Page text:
Function: ENTRY * hsearch (ENTRY item, ACTION action)

Preliminary: | MT-Unsafe race:hsearch | AS-Unsafe | AC-Unsafe corrupt/action==ENTER | See POSIX Safety Concepts.

To search in a hashing table created using hcreate the hsearch function must be used. This function can perform a simple search for an element (if action has the value FIND) or it can alternatively insert the key element into the hashing table. Entries are never replaced.

The key is denoted by a pointer to an object of type ENTRY. For locating the corresponding position in the hashing table only the key element of the structure is used.

If an entry with a matching key is found the action parameter is irrelevant. The found entry is returned. If no matching entry is found and the action parameter has the value FIND the function returns a NULL pointer. If no entry is found and the action parameter has the value ENTER a new entry is added to the hashing table which is initialized with the parameter item. A pointer to the newly added entry is returned.

As mentioned before, the hashing table used by the functions described so far is global and there can be at any time at most one hashing table in the program. A solution is to use the following functions which are a GNU extension. All have in common that they operate on a hashing table which is described by the content of an object of the type struct hsearch_data. This type should be treated as opaque, none of its members should be changed directly.

Function: int hcreate_r (size_t nel, struct hsearch_data *htab)

Preliminary: | MT-Safe race:htab | AS-Unsafe heap | AC-Unsafe corrupt mem | See POSIX Safety Concepts.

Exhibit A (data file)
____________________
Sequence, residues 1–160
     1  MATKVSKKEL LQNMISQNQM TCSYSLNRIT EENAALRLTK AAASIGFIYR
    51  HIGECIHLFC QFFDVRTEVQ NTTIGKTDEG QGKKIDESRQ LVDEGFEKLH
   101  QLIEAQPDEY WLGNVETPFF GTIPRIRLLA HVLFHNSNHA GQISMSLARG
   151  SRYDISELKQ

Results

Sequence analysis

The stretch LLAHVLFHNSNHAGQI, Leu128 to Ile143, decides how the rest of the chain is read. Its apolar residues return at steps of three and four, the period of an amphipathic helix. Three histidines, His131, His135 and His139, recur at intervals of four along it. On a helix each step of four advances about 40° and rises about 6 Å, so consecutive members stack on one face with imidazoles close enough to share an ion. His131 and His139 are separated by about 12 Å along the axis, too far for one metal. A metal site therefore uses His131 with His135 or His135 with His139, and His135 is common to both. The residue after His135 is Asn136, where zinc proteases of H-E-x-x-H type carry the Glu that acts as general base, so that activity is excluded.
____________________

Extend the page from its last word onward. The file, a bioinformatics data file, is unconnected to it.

The hcreate_r function initializes the object pointed to by htab to contain a hashing table with at least nel elements. So this function is equivalent to the hcreate function except that the initialized data structure is controlled by the user.

This allows having more than one hashing table at one time. The memory necessary for the struct hsearch_data object can be allocated dynamically. It must be initialized with zero before calling this function.

The return value is non-zero if the operation was successful. If the return value is zero, something went wrong, which probably means the program ran out of memory.

Function: void hdestroy_r (struct hsearch_data *htab)

Preliminary: | MT-Safe race:htab | AS-Unsafe heap | AC-Unsafe corrupt mem | See POSIX Safety Concepts.

The hdestroy_r function frees all resources allocated by the hcreate_r function for this very same object htab. As for hdestroy it is the program’s responsibility to free the strings for the elements of the table.

Function: int hsearch_r (ENTRY item, ACTION action, ENTRY **retval, struct hsearch_data *htab)

Preliminary: | MT-Safe race:htab | AS-Safe | AC-Unsafe corrupt/action==ENTER | See POSIX Safety Concepts.

The hsearch_r function is equivalent to hsearch. The meaning of the first two arguments is identical. But instead of operating on a single global hashing table the function works on the table described by the object pointed to by htab (which is initialized by a call to hcreate_r).

Another difference to hcreate is that the pointer to the found entry in the table is not the return value of the function. It is returned by storing it in a pointer variable pointed to by the retval parameter. The return value of the function is an integer value indicating success if it is non-zero and failure if it is zero. In the latter case the global variable errno signals the reason for the failure.


The table is filled and hsearch_r was called with a so far unknown key and action set to ENTER.


The action parameter is FIND and no corresponding element is found in the table.